June 20, 2013 | by Valerie Blake
The replacements
old house, gay news, Washington Blade

(Photo by Chris Upson via Wikimedia Commons)

What comes to mind when you hear the word “replacements?”  The 70’s alternative rock band? The Keanu Reeves movie about striking football players? The website where you can find pieces of discontinued china and flatware?

Owning a home?

When you buy a house, your inspection report may describe its different features as adequate, marginal or unsatisfactory and if an item is described as marginal, your inspector may advise you to budget for its replacement.

We all know that nothing lasts forever and many items these days are designed to become obsolete in a relatively short period of time, but good maintenance can go a long way toward prolonging the life of an appliance or system.  YouTube is full of “how to” videos about basic plumbing, electrical work, patching, painting and replacing nearly everything under the sun. A quick search for “how to fix everything” on Amazon.com produces more than 1,300 results.

While the Internet provides a wealth of information on being your own handyman or woman, it’s important to know your limitations and when you should call in the professionals. That said, a bit of knowledge about the lifespan of certain household appliances and systems can help you plan for a future purchase or even choose a contractor who won’t try to talk you into a replacement when a repair may be appropriate instead.

Here is a basic cheat sheet to help you budget for replacing certain things around the house.

The Wonder Years (5-10 years): I call these the wonder years because the first time one of these items fails you wonder why you didn’t see it coming.  Prolong the inevitable by running a dishwasher periodically so the seals don’t dry out. Wash the filter for a microwave oven and keep batteries handy for smoke detectors. Try out one of the newest replacement security systems; most are wireless and some feature iPad-like devices so you can keep track of who is coming and going on your cell phone. And don’t forget to plan for new wall-to-wall carpet in those high-traffic areas of the home or install hardwood floors which will last much longer.

The Age of Technology (10-15 years): Items in this category are constantly being upgraded for energy efficiency, green features and enhanced performance. Think air conditioning compressors, water heaters, ranges, refrigerators, freezers, garbage disposals, washing machines and dryers. Our washers and dryers now stack, steam, dry clean and do everything but serve you lunch while you wait. Our ranges are often dual fuel and may contain double ovens, microwave drawers, cooktop burners and downdraft exhaust systems. The more features included, the more likely one will fail.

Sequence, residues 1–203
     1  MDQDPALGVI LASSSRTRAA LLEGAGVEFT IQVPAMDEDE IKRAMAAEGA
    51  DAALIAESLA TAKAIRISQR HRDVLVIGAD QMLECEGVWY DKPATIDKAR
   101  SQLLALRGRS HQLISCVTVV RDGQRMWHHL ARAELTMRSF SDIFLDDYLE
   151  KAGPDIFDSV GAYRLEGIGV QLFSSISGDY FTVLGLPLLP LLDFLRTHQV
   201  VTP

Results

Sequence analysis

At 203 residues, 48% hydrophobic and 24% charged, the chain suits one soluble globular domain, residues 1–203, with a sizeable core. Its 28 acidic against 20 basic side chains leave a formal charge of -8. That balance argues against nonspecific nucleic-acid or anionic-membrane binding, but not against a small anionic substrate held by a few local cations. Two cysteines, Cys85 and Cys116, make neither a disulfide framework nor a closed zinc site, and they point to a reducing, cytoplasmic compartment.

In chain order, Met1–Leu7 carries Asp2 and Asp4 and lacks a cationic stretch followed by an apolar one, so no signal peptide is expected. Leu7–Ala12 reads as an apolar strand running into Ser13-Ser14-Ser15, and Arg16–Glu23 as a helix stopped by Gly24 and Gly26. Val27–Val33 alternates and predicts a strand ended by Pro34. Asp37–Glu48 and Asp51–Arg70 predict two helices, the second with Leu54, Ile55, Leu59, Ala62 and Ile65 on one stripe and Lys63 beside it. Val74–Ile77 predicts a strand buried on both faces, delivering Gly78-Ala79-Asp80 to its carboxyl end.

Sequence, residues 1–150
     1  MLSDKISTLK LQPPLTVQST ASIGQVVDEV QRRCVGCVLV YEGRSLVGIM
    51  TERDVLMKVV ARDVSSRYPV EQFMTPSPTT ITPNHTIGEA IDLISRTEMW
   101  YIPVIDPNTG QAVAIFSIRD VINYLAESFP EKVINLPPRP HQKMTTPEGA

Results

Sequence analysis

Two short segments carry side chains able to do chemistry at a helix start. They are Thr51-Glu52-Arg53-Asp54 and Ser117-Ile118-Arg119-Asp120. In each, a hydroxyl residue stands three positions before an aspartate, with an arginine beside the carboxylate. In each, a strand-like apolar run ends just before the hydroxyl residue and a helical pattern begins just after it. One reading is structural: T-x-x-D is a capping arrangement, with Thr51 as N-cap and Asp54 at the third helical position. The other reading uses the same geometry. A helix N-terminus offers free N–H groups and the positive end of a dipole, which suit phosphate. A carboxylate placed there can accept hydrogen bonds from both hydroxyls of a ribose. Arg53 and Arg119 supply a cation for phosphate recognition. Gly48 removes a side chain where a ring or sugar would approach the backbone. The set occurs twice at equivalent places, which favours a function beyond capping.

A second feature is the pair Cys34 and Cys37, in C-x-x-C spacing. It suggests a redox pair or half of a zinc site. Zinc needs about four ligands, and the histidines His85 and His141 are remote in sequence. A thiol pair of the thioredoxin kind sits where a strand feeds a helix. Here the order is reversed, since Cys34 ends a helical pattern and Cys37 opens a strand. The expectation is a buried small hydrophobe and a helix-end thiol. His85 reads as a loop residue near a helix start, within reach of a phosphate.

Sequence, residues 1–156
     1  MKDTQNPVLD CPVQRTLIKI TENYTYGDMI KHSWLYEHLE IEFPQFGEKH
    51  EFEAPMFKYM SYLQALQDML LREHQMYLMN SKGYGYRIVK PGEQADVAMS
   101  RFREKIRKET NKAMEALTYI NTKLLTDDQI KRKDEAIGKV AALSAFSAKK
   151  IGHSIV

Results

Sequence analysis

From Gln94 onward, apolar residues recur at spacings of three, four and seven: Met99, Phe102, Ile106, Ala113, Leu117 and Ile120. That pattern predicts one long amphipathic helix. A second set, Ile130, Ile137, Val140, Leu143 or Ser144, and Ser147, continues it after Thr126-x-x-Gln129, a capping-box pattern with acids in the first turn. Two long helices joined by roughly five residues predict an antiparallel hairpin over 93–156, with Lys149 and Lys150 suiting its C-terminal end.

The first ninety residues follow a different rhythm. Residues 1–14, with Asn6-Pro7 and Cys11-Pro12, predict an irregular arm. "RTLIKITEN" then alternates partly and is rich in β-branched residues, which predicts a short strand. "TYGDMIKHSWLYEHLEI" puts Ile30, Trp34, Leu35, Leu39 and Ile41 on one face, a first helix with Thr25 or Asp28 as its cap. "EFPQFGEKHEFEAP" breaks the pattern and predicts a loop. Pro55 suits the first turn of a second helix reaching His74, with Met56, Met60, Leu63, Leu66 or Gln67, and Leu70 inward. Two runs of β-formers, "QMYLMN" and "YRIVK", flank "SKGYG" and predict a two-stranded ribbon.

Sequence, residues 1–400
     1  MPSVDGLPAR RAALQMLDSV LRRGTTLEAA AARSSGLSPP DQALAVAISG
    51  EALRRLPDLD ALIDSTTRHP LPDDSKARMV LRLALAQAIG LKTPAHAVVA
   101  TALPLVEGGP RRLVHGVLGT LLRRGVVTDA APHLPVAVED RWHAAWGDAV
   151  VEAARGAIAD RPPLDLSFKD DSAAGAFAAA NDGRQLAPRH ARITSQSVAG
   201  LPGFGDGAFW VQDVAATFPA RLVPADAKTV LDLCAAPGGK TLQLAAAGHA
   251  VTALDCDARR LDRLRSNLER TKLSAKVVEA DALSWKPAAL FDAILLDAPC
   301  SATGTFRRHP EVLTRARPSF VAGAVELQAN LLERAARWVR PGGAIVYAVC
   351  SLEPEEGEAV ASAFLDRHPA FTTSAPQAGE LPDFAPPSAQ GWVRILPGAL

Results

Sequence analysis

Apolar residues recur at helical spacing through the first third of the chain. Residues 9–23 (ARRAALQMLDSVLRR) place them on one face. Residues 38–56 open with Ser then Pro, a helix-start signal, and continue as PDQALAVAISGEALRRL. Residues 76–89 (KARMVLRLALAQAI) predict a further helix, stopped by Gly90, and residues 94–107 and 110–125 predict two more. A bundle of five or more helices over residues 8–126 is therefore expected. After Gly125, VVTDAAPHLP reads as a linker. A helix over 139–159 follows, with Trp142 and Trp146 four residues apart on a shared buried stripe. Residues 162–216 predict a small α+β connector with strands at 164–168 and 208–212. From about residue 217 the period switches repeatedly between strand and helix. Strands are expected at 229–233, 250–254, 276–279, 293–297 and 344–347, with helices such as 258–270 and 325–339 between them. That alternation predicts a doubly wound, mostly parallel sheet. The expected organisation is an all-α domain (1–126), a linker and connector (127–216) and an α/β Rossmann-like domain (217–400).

The Fire & Water Era (15-20 years): Has anyone else out there ever huddled by the fire waiting for the furnace technician? While we don’t need to turn up the heat right now, having a service contract for your furnace or heat pump can ensure it will be full of hot air when you need it to be this winter, up until the time that it gasps its dying breath in a decade or two. Jetted tubs have a similar life span and, while the jury may still be out, those tankless water heaters are thought to become thankless water heaters within 20 years.

Active Adulthood (20+ years): If you still have a fire in the furnace does it necessarily follow that there will be snow on the roof? With a little care and attention, your asphalt or modified bitumen roof will last decades and your slate roof, a lifetime. The cast iron boiler in my former home on Capitol Hill was older than I was and both the oak and the heart pine floors had survived for more than a century. While I’m certainly more efficient than that old boiler, no matter how much sanding, buffing and oiling I do to myself, I doubt I’ll outlast those antique floors. How about you?

Prudential PenFed Realty is an independently owned and operated broker member of BRER Affiliates, Inc. Prudential, the Prudential logo and the Rock symbol are registered service marks of Prudential Financial, Inc. and its related entities, registered in many jurisdictions worldwide.  Used under license with no other affiliation with Prudential.  Equal Housing Opportunity.

Valerie M. Blake can be reached at 202-246-8602 or at Valerie@DCHomeQuest.com. 

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